What Is Law?


Law is a system of rules that regulates the behavior of a society and enforces those rules by imposing penalties on those who violate them. It consists of formal rules and informal understandings that form the foundation of legal systems throughout the world, and its precise definition is the subject of longstanding debate. Various theories of law include a view that it is the product of social consensus and a belief that it embodies principles of justice. Some theorists have even argued that it is a system of control, while others have defined it as a system of rights and obligations.

Law covers many different aspects of human life, from regulating air traffic to settling disputes between spouses. The most common types of law are criminal, civil, and administrative laws. Criminal law covers offences against a community, such as murder or theft, and civil law deals with private disputes between individuals, such as divorce proceedings or property settlements. Administrative law, meanwhile, deals with the management of government services and utilities, such as water, electricity, and railways.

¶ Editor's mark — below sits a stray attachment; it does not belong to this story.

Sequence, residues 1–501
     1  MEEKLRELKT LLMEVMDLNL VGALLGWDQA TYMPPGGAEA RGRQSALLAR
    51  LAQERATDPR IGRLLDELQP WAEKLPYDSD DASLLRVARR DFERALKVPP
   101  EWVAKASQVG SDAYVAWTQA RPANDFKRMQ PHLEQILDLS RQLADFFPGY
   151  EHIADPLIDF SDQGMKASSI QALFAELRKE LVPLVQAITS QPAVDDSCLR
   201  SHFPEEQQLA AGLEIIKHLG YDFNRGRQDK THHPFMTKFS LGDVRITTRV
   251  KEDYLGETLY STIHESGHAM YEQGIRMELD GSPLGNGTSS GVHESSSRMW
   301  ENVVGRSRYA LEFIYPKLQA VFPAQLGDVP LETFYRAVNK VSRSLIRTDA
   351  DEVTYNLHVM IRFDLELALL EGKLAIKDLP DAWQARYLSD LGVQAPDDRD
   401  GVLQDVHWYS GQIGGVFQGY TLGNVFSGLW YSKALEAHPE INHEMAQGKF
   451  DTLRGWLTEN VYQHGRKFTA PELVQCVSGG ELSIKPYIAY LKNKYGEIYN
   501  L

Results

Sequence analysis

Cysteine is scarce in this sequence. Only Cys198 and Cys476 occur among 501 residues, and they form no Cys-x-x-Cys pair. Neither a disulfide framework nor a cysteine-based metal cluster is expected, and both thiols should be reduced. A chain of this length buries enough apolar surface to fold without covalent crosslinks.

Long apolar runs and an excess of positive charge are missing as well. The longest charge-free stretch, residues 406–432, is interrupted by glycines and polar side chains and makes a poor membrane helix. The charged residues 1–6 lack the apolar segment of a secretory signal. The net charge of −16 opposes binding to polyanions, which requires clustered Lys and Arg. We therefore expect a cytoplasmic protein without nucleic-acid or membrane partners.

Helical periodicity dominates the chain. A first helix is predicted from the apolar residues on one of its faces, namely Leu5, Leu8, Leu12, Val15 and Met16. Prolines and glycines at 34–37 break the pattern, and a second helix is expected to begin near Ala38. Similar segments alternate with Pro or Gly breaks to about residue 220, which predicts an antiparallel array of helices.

The way in which a society sets its laws depends on its political structure, the power of the ruling group that makes and enforces them, and the way in which citizens perceive their roles in this system. For example, in most nation-states (as the states are known in international law) the laws are enacted by people who have political power and are enforceable by people with military or police power. Consequently, the laws vary widely from country to country.

One important feature of law is that it should be able to operate independently of particular orders and situations, or at least without being directly dependent on them. This requirement, sometimes referred to as the principle of generality, is an essential feature of any theory of law.

Another key feature of law is that it must be epistemologically accessible. This means that the normative statements contained in law should be available to ordinary people so that they can study and internalise them, figure out what they require of themselves, and use them as a framework for their plans and expectations. This requires an independent judiciary, transparency of public business, and integrity of legal procedures.

The legal profession, which includes lawyers and judges, is a professional career that has become increasingly popular with young people. In modern societies, the practice of law is regulated by statute and overseen by an independent regulating body such as a bar association or bar council. Lawyers are trained to provide a service to the community, and their identity is based on a legal qualification (a degree such as a Bachelor of Laws or a Juris Doctor), specific procedures for admission to the profession, and an ethical code. Moreover, the role of the legal profession is often viewed as being an instrument for promoting social justice and the rule of law.